Also never to be questioned is the predominant role of the war machine as the primary item in the Call it what you will: The National Security State. The Pentagon system. The military-industrial-Congressional-lobbyist-corporate-media complex. The global military empire. The doctrine of full-spectrum dominance. The geostrategic wankery that upholds American Exceptionalism and the USG as a legitimate decider on what should happen everywhere on the planet. The deep state and its parapolitical extensions. "Top Secret America." The federal surveillance and control state. The cycle of manufacturing threats and enemies that supposedly compel interventions, wars, new orders and phases of transition and rebuilding, with opportunities for profit at each stage.

The drug war might fall in the foreseeable future, though. That would be an important break. What will the banks do without $400 billion in extra cash flow a year to launder? What will the surveillance and security agencies do without this important pretext?

The insane energy system also may be shakier than it looks, for unavoidable reasons of physics and ecology.

And the straight-jacket culture is loosening up on some fronts.

So it's not hopeless.

You see where this is heading...

Promoting anorexia is demonstrably wrong, but this kind of pressure campaign becomes another step in legitimating the corporate Internet up as the speech police. Whether or not they respond -- they may not because unfortunately, anorexia seems to sell -- they are still turned into an authority over user content. And as Facebook becomes a tool for such control (which it already is and wants to be, e.g. with the recent banning of "conspiracy theory" sites, plus prudishness to the point of banning pics of breastfeeding mothers), the pressure will be on the ISPs to do the same. You won't have poisonous propaganda - or anything other than the Internet as a kind of Disnified corporate mall.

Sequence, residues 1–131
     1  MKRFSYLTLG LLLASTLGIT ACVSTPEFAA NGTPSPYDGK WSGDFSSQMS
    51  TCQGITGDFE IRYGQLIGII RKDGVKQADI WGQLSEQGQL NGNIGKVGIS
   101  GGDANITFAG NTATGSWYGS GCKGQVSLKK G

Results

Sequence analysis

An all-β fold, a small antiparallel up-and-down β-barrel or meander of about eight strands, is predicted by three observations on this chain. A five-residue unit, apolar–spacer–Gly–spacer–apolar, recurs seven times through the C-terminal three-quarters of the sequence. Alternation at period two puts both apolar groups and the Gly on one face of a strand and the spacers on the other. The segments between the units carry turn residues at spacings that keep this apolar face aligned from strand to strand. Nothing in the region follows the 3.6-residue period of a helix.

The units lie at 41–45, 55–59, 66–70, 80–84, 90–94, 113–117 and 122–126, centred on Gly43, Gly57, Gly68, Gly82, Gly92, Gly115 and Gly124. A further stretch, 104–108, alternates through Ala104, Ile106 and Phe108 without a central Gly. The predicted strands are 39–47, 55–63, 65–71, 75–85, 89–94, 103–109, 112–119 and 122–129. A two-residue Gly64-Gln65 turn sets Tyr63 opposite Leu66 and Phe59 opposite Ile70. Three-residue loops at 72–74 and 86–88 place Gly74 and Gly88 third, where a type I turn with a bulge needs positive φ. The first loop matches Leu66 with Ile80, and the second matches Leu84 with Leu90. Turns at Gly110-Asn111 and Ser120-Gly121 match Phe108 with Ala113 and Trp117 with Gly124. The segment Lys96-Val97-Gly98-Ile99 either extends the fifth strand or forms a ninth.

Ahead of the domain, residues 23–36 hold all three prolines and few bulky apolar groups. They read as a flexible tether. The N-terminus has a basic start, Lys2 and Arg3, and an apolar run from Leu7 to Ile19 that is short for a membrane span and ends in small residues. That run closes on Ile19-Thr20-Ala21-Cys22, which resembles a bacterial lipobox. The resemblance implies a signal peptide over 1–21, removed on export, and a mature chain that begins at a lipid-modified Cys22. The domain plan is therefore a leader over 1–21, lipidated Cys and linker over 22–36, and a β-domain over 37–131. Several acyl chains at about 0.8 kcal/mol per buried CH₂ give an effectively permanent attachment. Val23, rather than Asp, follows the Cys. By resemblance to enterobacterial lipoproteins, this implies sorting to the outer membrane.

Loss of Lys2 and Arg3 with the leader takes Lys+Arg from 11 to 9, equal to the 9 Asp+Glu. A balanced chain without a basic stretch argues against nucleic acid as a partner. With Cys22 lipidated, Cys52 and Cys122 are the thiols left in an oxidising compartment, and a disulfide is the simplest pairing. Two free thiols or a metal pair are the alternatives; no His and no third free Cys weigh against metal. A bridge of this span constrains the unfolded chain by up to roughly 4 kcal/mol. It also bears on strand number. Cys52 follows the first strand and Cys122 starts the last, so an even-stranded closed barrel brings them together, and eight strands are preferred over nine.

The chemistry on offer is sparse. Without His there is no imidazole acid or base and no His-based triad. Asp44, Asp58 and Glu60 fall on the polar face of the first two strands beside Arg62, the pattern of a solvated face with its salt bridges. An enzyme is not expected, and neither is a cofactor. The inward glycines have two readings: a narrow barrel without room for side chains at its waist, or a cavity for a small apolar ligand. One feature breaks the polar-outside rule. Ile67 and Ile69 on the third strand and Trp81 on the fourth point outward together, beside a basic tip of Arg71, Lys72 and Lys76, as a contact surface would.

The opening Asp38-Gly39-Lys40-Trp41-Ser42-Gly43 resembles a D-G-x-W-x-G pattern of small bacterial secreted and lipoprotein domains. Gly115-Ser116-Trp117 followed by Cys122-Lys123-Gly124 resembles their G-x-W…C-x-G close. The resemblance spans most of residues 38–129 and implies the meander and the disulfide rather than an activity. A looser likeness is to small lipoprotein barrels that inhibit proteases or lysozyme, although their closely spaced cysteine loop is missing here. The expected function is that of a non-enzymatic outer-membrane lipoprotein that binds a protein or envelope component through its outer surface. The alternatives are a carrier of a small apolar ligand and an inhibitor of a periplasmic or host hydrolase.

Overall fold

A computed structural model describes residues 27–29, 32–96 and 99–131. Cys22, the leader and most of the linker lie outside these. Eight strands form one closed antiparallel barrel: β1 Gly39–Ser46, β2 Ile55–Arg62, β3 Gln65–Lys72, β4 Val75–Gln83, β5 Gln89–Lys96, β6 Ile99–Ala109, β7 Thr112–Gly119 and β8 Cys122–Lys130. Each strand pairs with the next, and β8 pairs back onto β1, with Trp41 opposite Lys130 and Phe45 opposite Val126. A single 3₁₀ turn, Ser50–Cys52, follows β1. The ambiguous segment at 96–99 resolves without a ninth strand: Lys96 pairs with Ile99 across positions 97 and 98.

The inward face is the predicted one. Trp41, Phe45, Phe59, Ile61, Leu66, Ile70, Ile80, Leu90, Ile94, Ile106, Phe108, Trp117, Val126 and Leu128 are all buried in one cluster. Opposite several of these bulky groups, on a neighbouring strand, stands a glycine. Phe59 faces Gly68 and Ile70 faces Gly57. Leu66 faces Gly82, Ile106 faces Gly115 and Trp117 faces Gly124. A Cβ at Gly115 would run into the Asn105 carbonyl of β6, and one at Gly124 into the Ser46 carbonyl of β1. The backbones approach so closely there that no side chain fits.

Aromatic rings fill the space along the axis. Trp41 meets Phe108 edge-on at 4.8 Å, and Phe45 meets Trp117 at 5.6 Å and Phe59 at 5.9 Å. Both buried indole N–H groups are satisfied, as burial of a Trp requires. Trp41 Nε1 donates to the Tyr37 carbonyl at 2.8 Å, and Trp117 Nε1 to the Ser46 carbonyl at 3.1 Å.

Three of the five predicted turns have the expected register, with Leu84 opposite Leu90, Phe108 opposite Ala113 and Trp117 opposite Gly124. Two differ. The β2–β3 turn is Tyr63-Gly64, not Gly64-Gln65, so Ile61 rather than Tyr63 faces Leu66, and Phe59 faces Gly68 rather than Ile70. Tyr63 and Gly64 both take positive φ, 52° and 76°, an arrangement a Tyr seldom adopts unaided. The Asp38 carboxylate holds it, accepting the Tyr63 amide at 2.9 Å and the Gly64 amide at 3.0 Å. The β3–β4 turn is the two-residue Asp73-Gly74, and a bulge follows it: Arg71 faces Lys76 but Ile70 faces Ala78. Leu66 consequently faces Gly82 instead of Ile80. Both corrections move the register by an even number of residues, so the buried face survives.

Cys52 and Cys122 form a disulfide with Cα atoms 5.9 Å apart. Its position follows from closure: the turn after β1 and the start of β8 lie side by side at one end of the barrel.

Because Switzerland is a tax haven for American wealth?

Your point about military spending is extremely well taken. That's the single factor that most negatively distinguishes the US from all other developed nations. We have put the richest chunk of our surplus product into maintaining a costly empire, creating enemies and destroying other countries, with little or no benefit to the 99 percent of Americans.

What's going on with humanity? About the usual.

The US homicide rate has been falling steadily for more than 20 years, to about one-half of what it was in 1990. There are still many thousands of cases, and you hear about many of these (as is to be expected). The only counter-trend in this has been in rampage killings - those have stayed steady or gone up in the same period as the homicide rate generally has fallen.

Also, something like 60 people got killed by New York subway trains last year. This is not nice, and deplorable, and worthy of taking preventive actions if any effective ones can be found - but it does not represent anything unusual for humanity generally in this month as opposed to any other.

The propaganda begins in the headline. Monti never ran.

First, a blatant untruth:

Monti never ran.

The former Goldman Sachs advisor was never a candidate for prime minister and thus was never elected. His accession was the result of bankster pressure to put an austerity government in place, especially given the weakened and reluctant state of the Berlusconi government. Thus, if he leads a party into the next election, Monti will be running for the first time. Not "again."

Next, two phrases are not reporting, they are obvious editorial:

1) an economist who has helped restore Italy’s international credibility

correction: an economist who imposed an unpopular austerity regime favored by international banking

2) centrist

correction: neoliberal

The phrase "centrist" is always ideological. It's always bullshit. Among establishment writers it's tantamount to calling him the Good Guy in the movie.

Here's the better movie:

He dangled the baby over the balcony because they couldn't demand he drop it.

Which means it was always safe.

Are you fucking kidding me?

This shows how dishonest (or deluded) the fluoridation advocates are.

The majority of the developed world does not fluoridate their water, and despite this all of these countries have seen enormous improvements in dental health through the decades. (Many of them have better dental health indicators than the US, of course.) It's correctly seen as a forced medication of the entire population, as well as a self-evident health hazard. But in the United States it's liberals who have been successfully brainwashed into thinking that the only people who object to the practice are right-wing and crazy. Very typically for Americans, they are either ignorant of the rest of the world, or prefer to ignore it, and make a virtue of their ignorance. The liberal reaction to the anyone even mentioning fluoridation as a problem reveals an extreme provincialism masquerading as enlightenment rationalism. That's not what liberals should be about.